The following article by Amy Finch was published on April 18, 2001 on the Southwest Minneapolis Patch website:


Photo Minneapolis Park and Recreation Board

It doesn’t take long to realize that Jayne Miller loves her work. To hear her talk about Minneapolis Parks and Recreation, you quickly realize how lucky we are to have our extensive park system, and how unique it is in the country.

“The credit goes to the visionaries back in the early to mid-1800s: Horace Cleveland, Loring, Falwell. They had the vision to create this park system and bring it to fruition,” Miller said. “I’ve been in the parks profession for 30 years, and I’ve been all over the country. I’ve never seen a park system like this before. This city is built around its park system, and the community really cares passionately about it.”
Growing up in upstate New York, Miller spent her childhood downhill skiing at a nearby resort, skating in the front yard ice rink her father constructed each year, and generally just being outside.

“Ours was the backyard everyone came to play in,” Miller said. “When summer came we spent our days camping, swimming, boating and skiing on Lake George. So I really came to realize that’s what I loved, and I grew up in a wonderful part of the country, so it made sense that I would go into parks and recreation,” Miller said.

Before moving to Minneapolis last fall, Miller was the director and chief executive officer for the Huron-Clinton Metropolitan Authority, Michigan. Prior to that she spent fifteen years working for the city of Ann Arbor, Michigan in parks and recreation and as a deputy city administrator. Miller said what attracted her to Minneapolis was its similarities to Ann Arbor both in terms of politics and public commitment to parks.

So what exactly does the Minneapolis Park and Recreation Board Superintendent do?

“Well, I meet with a lot of staff. There are five assistant superintendents who handle the day to day operations, so I provide them with direction and guidance on projects and community engagement,” Miller said. “I also make sure that the entire organization, which has 485 full time employees, is moving in the same direction. Where do we want to go and how do we we want to approach it?”

Miller also spends time meeting with the city council, park and county commissioners, state legislators and neighborhood groups. She said she wants people to know what the park board is doing and what plans are taking shape for the future. She also wants residents to get to know her. Sixth district park commissioner Brad Bourn said Miller’s focus on the community has been a plus.

“Jayne is an excellent addition to the park board and I’m grateful we found her. She’s doing a wonderful job of responding to the needs of the community and commissioners. She’s very customer-focused and she’s helping us become a better organization every day,” Bourn said.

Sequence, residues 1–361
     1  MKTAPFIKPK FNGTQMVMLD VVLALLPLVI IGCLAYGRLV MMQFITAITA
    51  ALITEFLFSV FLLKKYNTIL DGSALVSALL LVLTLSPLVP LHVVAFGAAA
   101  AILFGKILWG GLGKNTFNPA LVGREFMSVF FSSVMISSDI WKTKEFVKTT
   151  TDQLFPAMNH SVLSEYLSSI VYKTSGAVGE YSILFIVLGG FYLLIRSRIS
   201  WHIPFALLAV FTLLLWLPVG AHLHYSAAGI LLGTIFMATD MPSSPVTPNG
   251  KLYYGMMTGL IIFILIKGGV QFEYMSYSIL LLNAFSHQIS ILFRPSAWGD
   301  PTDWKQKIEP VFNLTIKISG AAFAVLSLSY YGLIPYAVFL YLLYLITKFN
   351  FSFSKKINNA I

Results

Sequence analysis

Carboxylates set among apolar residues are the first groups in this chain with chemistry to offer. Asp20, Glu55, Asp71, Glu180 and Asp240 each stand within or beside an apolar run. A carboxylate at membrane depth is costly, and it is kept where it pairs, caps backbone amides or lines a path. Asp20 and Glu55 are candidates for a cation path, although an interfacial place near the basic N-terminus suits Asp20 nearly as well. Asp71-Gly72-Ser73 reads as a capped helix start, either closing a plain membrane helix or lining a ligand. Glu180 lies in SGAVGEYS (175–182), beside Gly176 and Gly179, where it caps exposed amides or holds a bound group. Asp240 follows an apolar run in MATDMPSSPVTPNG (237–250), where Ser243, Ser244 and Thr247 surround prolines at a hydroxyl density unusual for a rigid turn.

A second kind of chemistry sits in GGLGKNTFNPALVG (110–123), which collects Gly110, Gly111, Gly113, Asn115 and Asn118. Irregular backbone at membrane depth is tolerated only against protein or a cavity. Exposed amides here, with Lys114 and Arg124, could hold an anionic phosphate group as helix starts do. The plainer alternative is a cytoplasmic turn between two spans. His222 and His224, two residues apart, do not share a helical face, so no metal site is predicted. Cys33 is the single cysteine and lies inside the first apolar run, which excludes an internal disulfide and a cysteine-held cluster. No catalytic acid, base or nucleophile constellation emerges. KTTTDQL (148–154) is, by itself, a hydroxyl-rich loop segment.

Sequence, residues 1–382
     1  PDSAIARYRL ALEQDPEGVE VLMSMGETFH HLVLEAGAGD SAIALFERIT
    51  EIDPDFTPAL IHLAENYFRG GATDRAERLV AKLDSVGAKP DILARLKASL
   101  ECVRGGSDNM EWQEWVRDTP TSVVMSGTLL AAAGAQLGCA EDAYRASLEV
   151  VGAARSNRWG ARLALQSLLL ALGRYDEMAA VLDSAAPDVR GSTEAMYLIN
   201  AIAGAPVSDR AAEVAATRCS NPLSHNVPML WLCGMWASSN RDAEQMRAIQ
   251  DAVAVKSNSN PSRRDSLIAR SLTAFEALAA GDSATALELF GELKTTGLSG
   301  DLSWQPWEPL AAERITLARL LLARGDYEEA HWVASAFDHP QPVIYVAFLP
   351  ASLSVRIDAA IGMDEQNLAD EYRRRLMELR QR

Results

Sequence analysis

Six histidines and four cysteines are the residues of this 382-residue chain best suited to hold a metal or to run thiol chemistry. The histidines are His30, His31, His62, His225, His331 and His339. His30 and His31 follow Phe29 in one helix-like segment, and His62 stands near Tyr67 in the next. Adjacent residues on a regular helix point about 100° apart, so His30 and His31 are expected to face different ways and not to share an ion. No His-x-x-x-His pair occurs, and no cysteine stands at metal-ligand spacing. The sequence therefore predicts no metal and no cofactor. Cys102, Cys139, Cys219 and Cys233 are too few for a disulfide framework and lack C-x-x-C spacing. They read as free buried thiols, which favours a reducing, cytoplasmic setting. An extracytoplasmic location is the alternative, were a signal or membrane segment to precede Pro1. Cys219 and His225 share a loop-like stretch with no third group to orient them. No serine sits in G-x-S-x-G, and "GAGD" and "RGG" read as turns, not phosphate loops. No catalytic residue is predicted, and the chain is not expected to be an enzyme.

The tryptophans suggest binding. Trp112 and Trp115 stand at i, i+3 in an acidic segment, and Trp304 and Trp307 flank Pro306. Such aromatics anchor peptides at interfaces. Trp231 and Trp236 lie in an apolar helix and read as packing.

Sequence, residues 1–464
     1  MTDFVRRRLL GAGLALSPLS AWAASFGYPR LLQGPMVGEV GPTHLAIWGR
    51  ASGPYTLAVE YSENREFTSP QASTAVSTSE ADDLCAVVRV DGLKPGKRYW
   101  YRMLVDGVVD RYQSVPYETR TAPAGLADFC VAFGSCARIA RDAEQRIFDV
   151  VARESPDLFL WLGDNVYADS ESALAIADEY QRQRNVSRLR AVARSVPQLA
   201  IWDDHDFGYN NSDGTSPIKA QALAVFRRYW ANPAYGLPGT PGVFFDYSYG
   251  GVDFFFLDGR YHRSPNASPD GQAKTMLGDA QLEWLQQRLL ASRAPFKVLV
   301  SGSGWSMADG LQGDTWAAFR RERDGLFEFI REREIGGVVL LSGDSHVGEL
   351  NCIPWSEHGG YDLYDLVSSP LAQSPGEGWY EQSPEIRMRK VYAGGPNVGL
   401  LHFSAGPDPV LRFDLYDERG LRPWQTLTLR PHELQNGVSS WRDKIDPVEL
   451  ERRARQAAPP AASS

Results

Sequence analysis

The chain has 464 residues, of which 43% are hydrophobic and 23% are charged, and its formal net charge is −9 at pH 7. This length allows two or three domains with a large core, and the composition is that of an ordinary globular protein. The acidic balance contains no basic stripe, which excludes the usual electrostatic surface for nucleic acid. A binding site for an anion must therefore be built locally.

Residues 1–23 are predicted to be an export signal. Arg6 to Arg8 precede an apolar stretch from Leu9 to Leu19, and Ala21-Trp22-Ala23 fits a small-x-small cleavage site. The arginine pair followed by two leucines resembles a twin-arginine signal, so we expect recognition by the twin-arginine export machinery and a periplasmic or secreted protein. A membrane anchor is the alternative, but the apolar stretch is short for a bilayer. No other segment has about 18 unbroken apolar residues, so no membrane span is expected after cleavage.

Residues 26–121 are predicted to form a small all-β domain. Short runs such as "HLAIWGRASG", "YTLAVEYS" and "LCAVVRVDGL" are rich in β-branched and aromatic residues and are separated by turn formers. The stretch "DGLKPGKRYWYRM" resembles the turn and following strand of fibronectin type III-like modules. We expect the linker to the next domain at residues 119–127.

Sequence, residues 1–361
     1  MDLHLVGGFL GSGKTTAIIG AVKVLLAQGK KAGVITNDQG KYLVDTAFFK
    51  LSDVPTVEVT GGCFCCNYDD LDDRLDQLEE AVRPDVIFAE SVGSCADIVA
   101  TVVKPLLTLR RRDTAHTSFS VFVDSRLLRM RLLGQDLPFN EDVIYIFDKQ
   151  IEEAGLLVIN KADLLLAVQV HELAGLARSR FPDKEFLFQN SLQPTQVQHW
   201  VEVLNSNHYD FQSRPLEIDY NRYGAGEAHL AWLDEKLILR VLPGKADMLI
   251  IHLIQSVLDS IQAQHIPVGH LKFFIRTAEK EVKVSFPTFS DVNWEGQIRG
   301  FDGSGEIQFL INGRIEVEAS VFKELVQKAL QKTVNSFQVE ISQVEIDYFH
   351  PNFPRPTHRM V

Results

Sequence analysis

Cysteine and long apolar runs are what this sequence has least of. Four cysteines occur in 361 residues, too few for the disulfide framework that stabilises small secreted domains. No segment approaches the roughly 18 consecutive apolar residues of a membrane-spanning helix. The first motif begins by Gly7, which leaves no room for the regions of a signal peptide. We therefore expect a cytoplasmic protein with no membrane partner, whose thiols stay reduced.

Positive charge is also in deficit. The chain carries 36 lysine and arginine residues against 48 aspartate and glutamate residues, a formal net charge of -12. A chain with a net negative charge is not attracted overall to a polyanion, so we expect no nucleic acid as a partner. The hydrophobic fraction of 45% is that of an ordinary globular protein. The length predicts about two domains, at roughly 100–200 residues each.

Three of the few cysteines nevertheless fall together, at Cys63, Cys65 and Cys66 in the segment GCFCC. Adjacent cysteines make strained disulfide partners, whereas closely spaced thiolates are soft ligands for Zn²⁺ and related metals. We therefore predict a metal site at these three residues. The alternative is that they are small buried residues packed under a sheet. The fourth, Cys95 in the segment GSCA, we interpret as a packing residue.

Southwest neighborhood activist Betty Tisel agreed. She said she’s had a chance to get to know Miller at recent community meetings.

“I was delighted when she moved in to the Wirth House. I’m happy that she welcomed people to the house when Minnesota Senate District 60 had its town hall meeting there. Having someone from ‘outside’ of the Twin Cities lead the park system is a breath of fresh air. I think the timing is good and I feel very optimistic about Jayne’s leadership,” Tisel said.

Miller’s decision to live in the Theodore Wirth House at Lyndale Farmstead Park was her own. She said the historic home was designed to house the superintendent, so it only made sense for her to live there. She said it’s been great so far, and she has enjoyed having a park right outside her door, right in the middle of a neighborhood.

“I had heard there was a superintendent’s house but I really didn’t know anything about it. I found out that all but three park superintendents had lived in the house, so I approached the board,” Miller said. “The park commissioners really supported the idea, so I thought I’d try it on a six month trial basis. The contract goes through the end of June, but I’ve requested to extend that. It’s a wonderful opportunity,” Miller said.

With spring here, many park board projects are picking up speed, including the Riverfront Design Competition, which just awarded a winner with a contract to begin a public engagement process for new riverfront improvements from the Stone Arch Bridge northward by five miles. Miller said by early September the board will be ready to approve recommendations for the project so implementation can begin. Also, a new assistant superintendent of planning services, Bruce Chamberlain, from Linden Hills was just hired. Miller also just presented the park board with a revised community engagement ordinance, which will give the community better access to information on park board projects and initiatives.

Oh, and there’s good news for kids: Miller has been working with staff on plans to expand hours of operation at neighborhood park buildings and rec centers. She’s implementing the Community Services Area Model, in which staff at groupings of neighborhood parks work with the community to better their programming and building access. As part of the plan, at least one park building in each community services area will be open seven days a week, including summers and holidays.